April 15, 2019

Chart of the Week: Taylor rule rates mirror central bank dovishness

by Fathom Consulting.

Fathom calculates, and publishes on Datastream, the optimal interest rate, as implied by John Taylor’s 1993 policy rate rule,[1] for a range of advanced economies. On the one hand, these Taylor rule-implied rates fell across several developed markets in 2019 Q1, including in the US and Japan for the first time since 2015 and 2016, respectively. This mirrors a more dovish stance taken by central banks in the US, Japan and Europe over the past few months, amid concerns about slowing global growth. The falls in implied rates were partly driven by swings in the oil price, which affects headline CPI.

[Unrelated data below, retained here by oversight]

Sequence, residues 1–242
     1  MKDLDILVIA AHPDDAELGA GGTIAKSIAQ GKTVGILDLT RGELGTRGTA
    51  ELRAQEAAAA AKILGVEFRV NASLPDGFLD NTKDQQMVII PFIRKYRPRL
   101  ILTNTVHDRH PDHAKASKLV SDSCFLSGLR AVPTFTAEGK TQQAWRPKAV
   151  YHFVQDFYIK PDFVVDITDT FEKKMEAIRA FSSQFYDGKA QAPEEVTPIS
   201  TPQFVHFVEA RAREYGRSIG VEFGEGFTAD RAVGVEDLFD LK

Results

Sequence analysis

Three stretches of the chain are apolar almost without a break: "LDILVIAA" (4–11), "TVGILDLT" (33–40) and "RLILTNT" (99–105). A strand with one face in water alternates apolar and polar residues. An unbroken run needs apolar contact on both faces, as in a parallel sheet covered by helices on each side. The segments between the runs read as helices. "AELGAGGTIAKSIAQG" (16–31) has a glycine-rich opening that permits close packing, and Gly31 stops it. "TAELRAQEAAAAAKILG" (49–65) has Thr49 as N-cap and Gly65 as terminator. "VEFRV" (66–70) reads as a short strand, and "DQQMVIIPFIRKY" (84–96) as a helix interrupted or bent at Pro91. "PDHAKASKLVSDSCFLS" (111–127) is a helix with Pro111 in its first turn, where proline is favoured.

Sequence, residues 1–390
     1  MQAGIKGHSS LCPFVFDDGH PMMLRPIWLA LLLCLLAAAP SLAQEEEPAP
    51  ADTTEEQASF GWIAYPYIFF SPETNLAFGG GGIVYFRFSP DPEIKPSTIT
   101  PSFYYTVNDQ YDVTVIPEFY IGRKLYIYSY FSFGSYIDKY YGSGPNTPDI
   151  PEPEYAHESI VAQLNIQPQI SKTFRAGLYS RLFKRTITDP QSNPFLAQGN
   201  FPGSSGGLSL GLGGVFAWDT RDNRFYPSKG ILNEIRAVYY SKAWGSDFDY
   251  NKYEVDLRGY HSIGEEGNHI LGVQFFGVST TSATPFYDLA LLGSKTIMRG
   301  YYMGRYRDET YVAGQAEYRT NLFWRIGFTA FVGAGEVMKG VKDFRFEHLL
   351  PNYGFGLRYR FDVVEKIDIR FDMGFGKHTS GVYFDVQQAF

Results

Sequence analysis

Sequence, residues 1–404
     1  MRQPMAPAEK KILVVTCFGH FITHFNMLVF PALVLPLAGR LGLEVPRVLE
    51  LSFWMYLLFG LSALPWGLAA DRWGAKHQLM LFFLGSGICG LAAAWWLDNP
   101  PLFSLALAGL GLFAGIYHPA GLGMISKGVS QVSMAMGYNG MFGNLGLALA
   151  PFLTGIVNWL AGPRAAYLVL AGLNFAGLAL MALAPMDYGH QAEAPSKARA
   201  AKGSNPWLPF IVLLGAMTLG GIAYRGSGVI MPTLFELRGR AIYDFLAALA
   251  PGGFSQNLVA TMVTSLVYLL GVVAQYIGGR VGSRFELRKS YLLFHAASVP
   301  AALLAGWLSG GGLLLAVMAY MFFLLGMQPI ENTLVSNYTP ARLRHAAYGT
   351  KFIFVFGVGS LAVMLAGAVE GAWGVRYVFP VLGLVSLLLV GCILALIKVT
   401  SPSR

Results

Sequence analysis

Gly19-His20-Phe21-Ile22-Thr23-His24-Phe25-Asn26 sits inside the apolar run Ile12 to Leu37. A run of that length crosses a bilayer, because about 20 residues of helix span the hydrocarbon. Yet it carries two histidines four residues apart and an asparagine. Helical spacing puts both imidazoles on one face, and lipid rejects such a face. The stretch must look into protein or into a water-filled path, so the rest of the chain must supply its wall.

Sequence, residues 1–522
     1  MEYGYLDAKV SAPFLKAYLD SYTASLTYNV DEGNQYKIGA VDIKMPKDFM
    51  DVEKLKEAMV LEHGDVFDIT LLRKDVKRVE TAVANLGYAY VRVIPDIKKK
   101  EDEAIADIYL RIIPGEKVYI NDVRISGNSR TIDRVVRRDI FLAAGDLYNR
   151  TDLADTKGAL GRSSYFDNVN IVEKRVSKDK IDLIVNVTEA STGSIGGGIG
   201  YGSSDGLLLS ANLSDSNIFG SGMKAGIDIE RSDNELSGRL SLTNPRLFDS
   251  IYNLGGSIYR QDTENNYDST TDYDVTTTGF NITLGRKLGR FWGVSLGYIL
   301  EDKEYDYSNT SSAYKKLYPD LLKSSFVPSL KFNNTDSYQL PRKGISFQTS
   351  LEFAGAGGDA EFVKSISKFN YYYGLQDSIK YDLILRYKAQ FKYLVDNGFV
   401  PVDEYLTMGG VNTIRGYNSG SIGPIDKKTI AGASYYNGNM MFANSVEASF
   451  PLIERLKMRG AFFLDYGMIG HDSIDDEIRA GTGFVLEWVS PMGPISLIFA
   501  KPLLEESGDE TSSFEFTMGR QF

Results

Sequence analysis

On the other hand, however, policy rates across most countries still seem well below the levels implied by Taylor’s rule. The persistent differences between actual and implied rates suggest that central bankers believe there is greater slack in the supply side of the economy than either Fathom or the IMF does.

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[1]John B. Taylor, ’Discretion versus Policy Rules in Practice’, Carnegie-Rochester Conference Series on Public Policy, 39 (1993), pp. 195–214.

The chart in this article has been created using Chartbook on Datastream. The Chartbook was initially created by Fathom Consulting in 2012 and is now a catalogue of approximately 9000 charts, covering over 170 countries, analysing up-to-date macro and financial data. Whether it is a particular topic, country or variable you are interested in charting, the Chartbook has everything you need. To access Chartbook via Datastream search ‘cbook’.

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